Fruit fly prevention is similar to the first step of getting rid of fruit flies outlined above, namely eliminating potential food sources and breeding sites.
If you’re constantly facing fruit flies, the below suggestions will be game-changers for your household, helping you successfully avoid future fruit fly infestations:
- Consider storing all produce in the fridge. While it’s not the most efficient storage method for all types of food, the slight drop in taste or freshness might be a welcome tradeoff for avoiding additional fruit fly outbreaks.
- Inspect produce and other potential carriers like houseplants for fruit flies before bringing them into your home.
- Moving forward, strictly avoid leaving dirty dishes and food in the sink. Similarly, clean up food and drinks spills the moment they occur. Frequently wiping down kitchen surfaces and flooring with a family-safe All-Purpose Cleaner will also help substantially.
- Always thoroughly rinse recyclables until there’s no food or sticky residues remaining.
- Periodically clean trash and recycling bins, and take them out frequently.
- Cleaning supplies like mops, rags, sponges, and scrubbers need be deep cleaned and dried after use.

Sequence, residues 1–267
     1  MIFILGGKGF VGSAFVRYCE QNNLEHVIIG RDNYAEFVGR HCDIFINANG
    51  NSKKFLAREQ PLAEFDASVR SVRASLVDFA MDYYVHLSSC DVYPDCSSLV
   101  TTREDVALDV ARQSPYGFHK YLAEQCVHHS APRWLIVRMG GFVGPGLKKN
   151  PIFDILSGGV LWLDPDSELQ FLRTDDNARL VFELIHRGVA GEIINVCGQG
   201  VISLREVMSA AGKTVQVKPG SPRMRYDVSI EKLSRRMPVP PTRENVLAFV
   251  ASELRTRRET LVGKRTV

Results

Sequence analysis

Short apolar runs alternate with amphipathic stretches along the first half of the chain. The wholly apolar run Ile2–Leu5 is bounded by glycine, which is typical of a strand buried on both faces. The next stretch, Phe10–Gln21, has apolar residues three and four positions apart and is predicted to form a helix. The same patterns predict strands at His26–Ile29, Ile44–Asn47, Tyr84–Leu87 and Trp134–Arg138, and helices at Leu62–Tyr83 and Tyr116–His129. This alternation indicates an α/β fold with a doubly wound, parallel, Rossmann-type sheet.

- Do your best to keep your home’s humidity low. Warm, damp conditions are ideal for fruit fly breeding. Using your air conditioner and/or fans will do the trick.
- Outdoor fruit flies can quickly become indoor fruit flies. To avoid fostering large populations in your front or back yards, be diligent when it comes to removing decaying organic matter, like dying plant life for instance. Sorry pet parents, this includes dog and cat poop, too, which are both exceptional fruit fly attractants.
Ants are the worst. They build dangerous mounds in our lawns that can harm our children and pets. They form annoying little lines in our kitchens, and depending on the ant, their stings can really pack a punch.
Thankfully, getting rid of ants with Cedarcide is simple—and best of all, it doesn’t involve exposing your family or pets to poisonous pesticides.
Here’s how you can keep ants away from your lawn, home, and family with 3 simple steps:
If you see ants or ant piles in your lawn, it’s only a matter of time before they find a way inside your home. Thankfully, if you get rid of the ants in your yard, you’ll often stop seeing them inside, too.
Here’s How to Do It:
Spray your entire lawn and all shrubbery with PCO Choice monthly to both kill and repel ants in all life stages. For warmer regions, this should be done every month unless the temperature drops below freezing for more than a few weeks. If you live in an area known for cold winters, start spraying monthly in late February and then taper off in November as winter sets in.
No downtime required! PCO Choice is made without harsh chemicals and is family and pet safe, meaning you can safely revisit your lawn right after application.